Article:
10 Ways Health IT Startups Are Evolving

 
 
By Nathan Eddy  |  Posted 2014-10-10
 
 
 
 
 
 
 
 
 
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    10 Ways Health IT Startups Are Evolving
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    10 Ways Health IT Startups Are Evolving

    By Nathan Eddy
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    Infrastructure Market Leads in Total Funding
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    Infrastructure Market Leads in Total Funding

    Accenture research identified four distinct market segments that have received startup funding between 2008 and 2013, with infrastructure, largely the bearer of regulatory mandates and incentives and including health analytics and interoperability solutions, as the leader with $2.9 billion in funding.
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    Treatment and Engagement Also Big Draws
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    Treatment and Engagement Also Big Draws

    Treatment, which includes personalized medicine, virtual care, telehealth and care coordination, garnered $2.6 billion in funding as new alternative care channels are pursued. Engagement, which also received $2.6 billion in funding, includes wearables, incentive programs and other patient engagement solutions that target behavioral change.
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    Apple Watch Is an Engaging Wearable
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    Apple Watch Is an Engaging Wearable

    When it comes to wearables, the Apple Watch is unique because of its broad consumer base, Accenture's Dipak Patel said. While the device is not a game-changer by itself, the platform and infrastructure behind it offer significant potential to integrate various forms of consumer health information, he added.
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    Successful Startups Combine All Market Segments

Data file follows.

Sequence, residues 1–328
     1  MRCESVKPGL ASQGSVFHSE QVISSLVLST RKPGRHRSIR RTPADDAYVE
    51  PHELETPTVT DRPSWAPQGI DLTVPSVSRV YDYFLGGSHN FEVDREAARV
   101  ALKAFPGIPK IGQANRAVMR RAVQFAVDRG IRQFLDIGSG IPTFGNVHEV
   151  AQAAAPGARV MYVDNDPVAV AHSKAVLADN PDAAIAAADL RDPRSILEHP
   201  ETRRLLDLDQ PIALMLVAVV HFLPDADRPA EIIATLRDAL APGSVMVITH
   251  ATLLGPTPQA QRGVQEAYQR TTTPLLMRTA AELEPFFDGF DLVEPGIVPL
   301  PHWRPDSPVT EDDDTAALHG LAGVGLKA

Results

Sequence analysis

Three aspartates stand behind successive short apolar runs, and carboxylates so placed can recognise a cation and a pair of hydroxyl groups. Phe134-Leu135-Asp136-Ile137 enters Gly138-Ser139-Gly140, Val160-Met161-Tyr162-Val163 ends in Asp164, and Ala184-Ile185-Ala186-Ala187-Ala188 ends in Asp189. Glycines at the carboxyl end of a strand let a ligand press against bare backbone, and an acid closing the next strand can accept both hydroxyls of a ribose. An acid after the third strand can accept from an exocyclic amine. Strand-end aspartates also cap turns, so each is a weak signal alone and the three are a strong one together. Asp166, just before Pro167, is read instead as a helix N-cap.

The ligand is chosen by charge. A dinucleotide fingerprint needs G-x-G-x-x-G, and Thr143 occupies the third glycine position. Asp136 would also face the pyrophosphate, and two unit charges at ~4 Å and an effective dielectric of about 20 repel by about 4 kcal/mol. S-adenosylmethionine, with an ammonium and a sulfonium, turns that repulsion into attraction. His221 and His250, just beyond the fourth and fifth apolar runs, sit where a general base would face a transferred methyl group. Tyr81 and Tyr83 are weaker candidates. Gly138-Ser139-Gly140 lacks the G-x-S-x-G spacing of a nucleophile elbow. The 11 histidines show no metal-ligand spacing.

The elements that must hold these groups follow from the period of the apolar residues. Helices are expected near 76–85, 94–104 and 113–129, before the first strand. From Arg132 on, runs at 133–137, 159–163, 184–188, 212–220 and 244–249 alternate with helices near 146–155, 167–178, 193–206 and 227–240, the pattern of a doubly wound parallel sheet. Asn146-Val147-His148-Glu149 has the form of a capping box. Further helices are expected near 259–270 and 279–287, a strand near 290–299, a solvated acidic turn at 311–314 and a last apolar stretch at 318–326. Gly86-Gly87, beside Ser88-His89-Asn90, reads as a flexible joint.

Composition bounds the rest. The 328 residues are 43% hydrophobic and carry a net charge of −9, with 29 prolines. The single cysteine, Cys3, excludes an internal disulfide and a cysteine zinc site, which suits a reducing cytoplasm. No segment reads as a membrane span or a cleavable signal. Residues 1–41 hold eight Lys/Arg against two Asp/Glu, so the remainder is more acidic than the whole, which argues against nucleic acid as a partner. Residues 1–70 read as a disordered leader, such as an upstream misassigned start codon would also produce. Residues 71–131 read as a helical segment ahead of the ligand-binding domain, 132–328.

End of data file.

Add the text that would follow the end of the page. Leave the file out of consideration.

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    Successful Startups Combine All Market Segments

    The fourth market segment, diagnosis, captured $2.1 billion in funding. This rapidly growing segment includes clinical and consumer tools—such as remote monitoring—that provide insight. The study noted that through 2017, standout organizations—and their applications—will succeed by linking capabilities across all four segments.
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    Health Care Organizations Must Move With the Times
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    Health Care Organizations Must Move With the Times

    The report warned that traditional health care organizations must develop ways to be relevant to the new health consumer. They can do this by encouraging and embracing, rather than resisting, digital health care startups, by, for example, establishing external research and development arms through ventures and accelerators and by acquiring startups for talent.
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    Prep for Digital Disruption With Partnerships, Alliances
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    Prep for Digital Disruption With Partnerships, Alliances

    Payers, providers, IT vendors, life sciences, pharmaceuticals and industry newcomers will need new strategies to respond to inevitable digital disruption, the report cautioned, and health care leaders will also need to modify business objectives while establishing structures to efficiently and effectively identify, test and prove clinical applications. In addition, all stakeholders will face increased pressure to cultivate a diverse ecosystem of partnerships and alliances.
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    Social Motivation, New Investment Models Driving Growth